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Old 07-12-2006, 02:55 PM   #1
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Thinspiration

Obviously eating disorders are quite complex, but this study showed that even teenagers with no history of eating disorders had a drop in self esteem and increased feelings of negative body image after viewing photos of these thin celebrities (on the "pro ana sites" which also apparently focus on these photos) You can't blame eating disorders on these celebrities but you also can't overlook the power they have in the whole scheme of things.

I am far from being a teenager but I will be honest and admit that I have feelings of poor body image when I look at those girls and women. I know that they are too thin and don't look healthy, but at the same time it makes me think I am huge and overweight. I know intellectually that I shouldn't feel that way, but you really can't intellectualize it all the time. I know that my issues stem from other factors as well, but to be honest the pictures still do have that effect on me sometimes. The magazines call them too thin, but at the same time they call women who are of a healthy weight "fat" and point out all their "flaws" such as cellulite et al. So where is there any healthy rational media attitude about all of this? Other than the Dove campaign, where is it? You can avoid the internet and sites like that, but the images of celebs and fashion magazines are everywhere. I avoid the magazines as best I can, but couldn't the media also just be more responsible? In no way do I let all of that define me, but it does get difficult to deal with sometimes. I can't imagine what it is like these days for young girls and teenage girls.

http://abcnews.go.com/GMA/Health/sto...2182068&page=1


"Some Web sites reveal how young people are attempting to become like their pencil-thin idols.

Images of emaciated celebrities and models provide what these sites call "thinspiration" — promoting unhealthy dieting as a way of life.

New research published in the European Eating Disorders Review found that teenagers with no history of eating disorders suffered from a drop in self-esteem and negative body image after just 25 minutes of exposure to these so-called "pro-ana" and "pro-mia" — pro-anorexia and pro-bulima — sites"


http://www.sundayherald.com/56600

"The Sunday Herald can also reveal new research has found teenagers with no history of eating disorders suffer from a drop in self esteem and increased negative body image after just 25 minutes of exposure to pro-ana sites.

The study, published in the European Eating Disorders Review and carried out on a group of female students aged between 18 and 20, found that after looking at a specially constructed pro-anorexia site they could not maintain previous positive feelings about themselves. They felt a lack of control about their bodies, decreased self esteem and more negatively about their self-image.

Dr Anna Bardone-Cone, of the University of Missouri-Columbia, who carried out the research, said the controlled study revealed a general trend of “girls all feeling badly about themselves”.

“As an initial study it did reveal they felt worse about themselves after viewing the site,” she said. “The phenomenon of pro-ana sites is only in the early stages of being understood.”

Despite such evidence that the sites are harmful, experts are divided over whether the government could or should ban them.

Last year the national Eating Disorders Association worked with several major internet service providers to shut sites down but spokesman Steve Bloomfield said the exercise probably won’t be repeated.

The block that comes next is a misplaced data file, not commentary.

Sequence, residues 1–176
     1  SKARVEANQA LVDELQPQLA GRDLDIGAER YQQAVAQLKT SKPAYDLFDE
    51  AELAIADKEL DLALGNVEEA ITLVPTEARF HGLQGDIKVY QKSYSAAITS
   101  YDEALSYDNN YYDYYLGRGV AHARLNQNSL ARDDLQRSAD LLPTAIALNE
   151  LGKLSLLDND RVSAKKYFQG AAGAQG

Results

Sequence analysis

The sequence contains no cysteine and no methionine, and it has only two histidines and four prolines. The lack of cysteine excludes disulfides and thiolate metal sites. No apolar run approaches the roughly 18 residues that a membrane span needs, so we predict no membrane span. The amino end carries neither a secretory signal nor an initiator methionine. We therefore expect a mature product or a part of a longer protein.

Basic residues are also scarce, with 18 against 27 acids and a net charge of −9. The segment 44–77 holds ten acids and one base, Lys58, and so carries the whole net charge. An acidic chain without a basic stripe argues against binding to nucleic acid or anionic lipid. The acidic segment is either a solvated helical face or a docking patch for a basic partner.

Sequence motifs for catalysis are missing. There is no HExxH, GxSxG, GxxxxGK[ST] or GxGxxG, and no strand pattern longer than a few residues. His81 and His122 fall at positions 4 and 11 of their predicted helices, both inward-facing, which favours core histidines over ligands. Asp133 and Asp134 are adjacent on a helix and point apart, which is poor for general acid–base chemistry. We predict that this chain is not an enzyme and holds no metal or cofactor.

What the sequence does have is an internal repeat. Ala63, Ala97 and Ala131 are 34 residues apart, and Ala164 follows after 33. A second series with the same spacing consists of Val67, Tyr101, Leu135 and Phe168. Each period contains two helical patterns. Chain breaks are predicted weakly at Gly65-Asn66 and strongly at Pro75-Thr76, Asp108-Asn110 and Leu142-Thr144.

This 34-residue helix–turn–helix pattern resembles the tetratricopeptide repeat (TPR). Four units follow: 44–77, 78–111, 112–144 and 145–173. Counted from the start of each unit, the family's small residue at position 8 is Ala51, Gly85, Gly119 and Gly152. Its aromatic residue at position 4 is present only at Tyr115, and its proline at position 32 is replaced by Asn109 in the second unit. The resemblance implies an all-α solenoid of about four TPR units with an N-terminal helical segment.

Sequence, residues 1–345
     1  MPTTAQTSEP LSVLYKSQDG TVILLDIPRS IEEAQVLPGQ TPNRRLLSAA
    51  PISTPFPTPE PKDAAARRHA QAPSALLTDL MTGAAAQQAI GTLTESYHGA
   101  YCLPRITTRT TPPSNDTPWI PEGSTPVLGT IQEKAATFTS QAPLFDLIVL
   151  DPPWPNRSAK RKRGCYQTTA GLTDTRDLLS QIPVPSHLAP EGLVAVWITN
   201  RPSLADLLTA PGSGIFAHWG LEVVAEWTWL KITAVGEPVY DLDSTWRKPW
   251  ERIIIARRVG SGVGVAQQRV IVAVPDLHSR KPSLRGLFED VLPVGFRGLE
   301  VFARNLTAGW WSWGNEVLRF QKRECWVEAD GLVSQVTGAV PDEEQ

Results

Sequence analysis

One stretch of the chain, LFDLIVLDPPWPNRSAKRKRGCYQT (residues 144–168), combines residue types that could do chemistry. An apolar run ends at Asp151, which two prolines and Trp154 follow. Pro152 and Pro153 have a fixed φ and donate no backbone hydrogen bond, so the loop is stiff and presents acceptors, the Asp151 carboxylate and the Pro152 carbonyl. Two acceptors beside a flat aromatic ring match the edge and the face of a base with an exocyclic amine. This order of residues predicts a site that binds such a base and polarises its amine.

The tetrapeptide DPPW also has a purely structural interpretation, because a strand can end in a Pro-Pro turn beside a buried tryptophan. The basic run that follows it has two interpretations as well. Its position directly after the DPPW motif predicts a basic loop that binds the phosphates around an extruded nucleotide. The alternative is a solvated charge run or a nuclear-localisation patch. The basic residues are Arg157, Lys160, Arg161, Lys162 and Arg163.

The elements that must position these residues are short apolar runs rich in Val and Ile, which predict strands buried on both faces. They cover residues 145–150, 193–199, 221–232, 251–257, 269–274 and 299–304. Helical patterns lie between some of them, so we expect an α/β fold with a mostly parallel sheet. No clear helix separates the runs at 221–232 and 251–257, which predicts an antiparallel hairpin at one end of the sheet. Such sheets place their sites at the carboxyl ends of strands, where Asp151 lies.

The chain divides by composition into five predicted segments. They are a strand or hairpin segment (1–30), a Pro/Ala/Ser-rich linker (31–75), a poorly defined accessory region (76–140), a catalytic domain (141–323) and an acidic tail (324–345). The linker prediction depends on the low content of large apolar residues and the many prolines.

“There are too many sites, on too many hosts, and there are too many users – if one site closes, another one opens,” he said. “Very few of these site owners refer to the serious health effects of anorexia, such as osteoporosis, damaged fertility and the significant increase of heart disease. ”

Dr Chris Freeman, a consultant psychiatrist who runs the Cullen Centre for Eating Disorders at the Royal Edinburgh Hospital, said his patients were strongly advised not to log on to the sites.

“They do promote an unhealthy lifestyle and a lifestyle that promotes a disease. But the problem is that you can’t censure the internet, you can’t police it.”
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Old 07-12-2006, 03:22 PM   #2
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Eating disorders are at epidemic levels, especially in the U.S. , if you consider the rise in obesity. I really believe that most of these disorders begin in some form in children & schools should address this with preventative education (wishful thinking - this would mean that they would first have to clean up their lunch programs ). With such an increase in people who have bad body image perceptions & are actually doing something drastic about it (including surgeries), it's scary to think what our
society is going to be in 10 years!
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Old 07-12-2006, 07:30 PM   #3
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^ Exactly. I'm seeing a sea of people with stomachs the size of a pea and men and women and even children (as the case seems to be more and more these days), with plastic body parts. It's sick.
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Old 07-12-2006, 08:06 PM   #4
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Far from being a new trend, the idea of thinspiration goes back to the days of “Twiggy”. The internet just brings this inspiration to us faster.

What has me confounded is the “measured drop” in self esteem by a brief visit to a web site. This begs the question of how strong was the self esteem in the first place? Do we question the thinspiration web sites, the Western cultural preference for thin, or the basic building blocks of self esteem?
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Old 07-12-2006, 08:37 PM   #5
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Ah, Twiggy She made it so women didn't have to wear pantyhose. And for that she needs applause.


In seriousness, the drop in esteem is triggered by these sites, I'd think. Hormones, peers, developing and rising self-awareness all shape our state of self esteem as we know, but it can be triggered or shaken by many variables.